This is the closest thing to a pro-grade, L-series ‘EF-S’ lens for APS-C cameras that Canon has ever built. Unlike Canon’s f/2.8 standard zooms for full-frame cameras, this one features an image stabilizer. Yet it’s an old version of the technology and only gives three, rather than four, stops of advantage in fending off camera-shake. Compared with the autofocus systems of other APS-C lenses on test, it’s faster and quieter, if not near silent as in Canon’s STM or Micro USM lenses. Lab scores for sharpness proved underwhelming for this particular test sample, but we’ve always been impressed by the lens’s clarity in our wide-ranging real-world tests and how other samples have performed in the past.
Sigma’s Contemporary line of lenses aim to be compact, and the 17-70mm is no exception. At 79x82mm and 465g, it’s smaller and lighter than any other lens on test. Centre-sharpness isn’t quite as good as from Sigma’s 17-50mm lens but sharpness towards the edges and corners of the frame is more impressive at wide aperture settings, especially at the short end of the zoom range. Autofocus speed is a little quicker, while the optical stabilizer is similarly effective. This lens comes with a petal-shaped lens hood but, unlike the other Sigma lenses on test, it’s not supplied with a padded soft case. Overall, this newer Contemporary lens is the more appealing of the two.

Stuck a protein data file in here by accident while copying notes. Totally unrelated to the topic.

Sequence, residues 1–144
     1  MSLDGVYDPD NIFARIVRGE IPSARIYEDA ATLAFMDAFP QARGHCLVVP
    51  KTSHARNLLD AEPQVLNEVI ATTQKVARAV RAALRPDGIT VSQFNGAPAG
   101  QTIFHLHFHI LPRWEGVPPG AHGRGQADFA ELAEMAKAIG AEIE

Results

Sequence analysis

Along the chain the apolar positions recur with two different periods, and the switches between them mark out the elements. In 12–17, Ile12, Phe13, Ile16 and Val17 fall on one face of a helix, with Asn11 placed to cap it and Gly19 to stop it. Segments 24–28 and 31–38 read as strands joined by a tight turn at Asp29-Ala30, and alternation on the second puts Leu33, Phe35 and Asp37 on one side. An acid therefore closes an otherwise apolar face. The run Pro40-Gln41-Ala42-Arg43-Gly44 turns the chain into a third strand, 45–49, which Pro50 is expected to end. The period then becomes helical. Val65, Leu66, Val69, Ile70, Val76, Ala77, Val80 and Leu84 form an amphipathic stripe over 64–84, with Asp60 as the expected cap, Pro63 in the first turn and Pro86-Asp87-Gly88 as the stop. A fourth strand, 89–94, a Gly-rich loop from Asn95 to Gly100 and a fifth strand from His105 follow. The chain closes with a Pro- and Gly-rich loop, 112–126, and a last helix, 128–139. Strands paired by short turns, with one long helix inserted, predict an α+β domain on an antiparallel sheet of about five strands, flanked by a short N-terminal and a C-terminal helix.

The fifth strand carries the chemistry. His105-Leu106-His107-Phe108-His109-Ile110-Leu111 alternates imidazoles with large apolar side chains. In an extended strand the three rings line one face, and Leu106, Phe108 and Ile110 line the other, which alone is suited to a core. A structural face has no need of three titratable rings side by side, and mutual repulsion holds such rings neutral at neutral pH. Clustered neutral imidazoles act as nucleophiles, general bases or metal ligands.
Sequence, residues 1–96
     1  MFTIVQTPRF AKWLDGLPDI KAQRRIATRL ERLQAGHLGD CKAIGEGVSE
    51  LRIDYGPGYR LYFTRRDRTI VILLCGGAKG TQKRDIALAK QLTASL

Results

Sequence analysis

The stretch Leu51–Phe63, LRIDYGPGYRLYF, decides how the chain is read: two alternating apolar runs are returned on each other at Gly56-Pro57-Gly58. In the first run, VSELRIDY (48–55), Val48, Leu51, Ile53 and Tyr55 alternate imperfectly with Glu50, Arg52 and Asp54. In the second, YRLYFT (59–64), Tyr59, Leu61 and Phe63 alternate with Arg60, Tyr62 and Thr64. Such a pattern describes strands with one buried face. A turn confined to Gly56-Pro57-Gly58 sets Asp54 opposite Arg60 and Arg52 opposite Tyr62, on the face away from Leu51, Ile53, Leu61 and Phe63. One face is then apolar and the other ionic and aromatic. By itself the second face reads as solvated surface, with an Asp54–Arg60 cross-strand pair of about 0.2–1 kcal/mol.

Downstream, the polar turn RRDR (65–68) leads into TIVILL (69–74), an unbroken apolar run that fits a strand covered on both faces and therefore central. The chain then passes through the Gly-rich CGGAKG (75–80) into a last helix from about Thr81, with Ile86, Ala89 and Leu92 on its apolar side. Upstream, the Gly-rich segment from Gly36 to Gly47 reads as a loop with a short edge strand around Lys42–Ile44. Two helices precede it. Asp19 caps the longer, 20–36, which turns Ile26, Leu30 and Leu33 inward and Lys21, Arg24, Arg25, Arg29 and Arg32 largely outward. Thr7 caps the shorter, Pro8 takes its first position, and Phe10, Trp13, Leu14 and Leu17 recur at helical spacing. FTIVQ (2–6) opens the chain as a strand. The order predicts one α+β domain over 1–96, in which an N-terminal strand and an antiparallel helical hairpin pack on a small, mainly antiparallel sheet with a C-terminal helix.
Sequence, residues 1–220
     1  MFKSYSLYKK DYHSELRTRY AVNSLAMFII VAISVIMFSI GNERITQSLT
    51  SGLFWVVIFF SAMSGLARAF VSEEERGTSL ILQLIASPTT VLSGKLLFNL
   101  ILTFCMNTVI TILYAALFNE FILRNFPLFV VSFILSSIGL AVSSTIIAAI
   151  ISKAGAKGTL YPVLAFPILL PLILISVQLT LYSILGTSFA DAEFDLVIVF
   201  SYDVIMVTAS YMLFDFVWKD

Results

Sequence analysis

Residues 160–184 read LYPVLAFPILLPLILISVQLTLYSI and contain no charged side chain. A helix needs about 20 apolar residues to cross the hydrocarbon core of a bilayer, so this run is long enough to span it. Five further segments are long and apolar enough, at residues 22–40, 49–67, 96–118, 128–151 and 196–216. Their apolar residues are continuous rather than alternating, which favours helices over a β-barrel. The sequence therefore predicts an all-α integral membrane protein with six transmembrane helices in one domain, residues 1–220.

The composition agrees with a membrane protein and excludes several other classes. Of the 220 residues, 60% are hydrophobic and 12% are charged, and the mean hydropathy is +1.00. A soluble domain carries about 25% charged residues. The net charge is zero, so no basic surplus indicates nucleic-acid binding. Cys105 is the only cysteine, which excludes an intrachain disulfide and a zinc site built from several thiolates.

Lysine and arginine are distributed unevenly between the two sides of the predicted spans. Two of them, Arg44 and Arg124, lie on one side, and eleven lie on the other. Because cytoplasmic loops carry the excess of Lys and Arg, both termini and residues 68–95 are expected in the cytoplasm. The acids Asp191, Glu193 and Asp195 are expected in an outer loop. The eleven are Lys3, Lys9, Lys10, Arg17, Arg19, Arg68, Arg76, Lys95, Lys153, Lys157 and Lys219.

This Sigma lens appears to offer most of the same advantages as its Canon counterpart, but at less than half the price. Whereas both of the Canon and Sigma lenses have ultrasonic autofocus systems, the Canon’s is ring-type, whereas the Sigma’s relies on a small motor. On the plus side, this helps to enable a more compact construction, but the autofocus system isn’t as near-silent and lacks full-time manual override. Image quality is sharp across most of the image frame but quite soft in the corners, especially at short to mid zoom settings when using apertures wider than f/5.6. Living up to its claims, stabilization is slightly more effective than in the competing Canon 17-55mm lens, but autofocus speed is a little slower.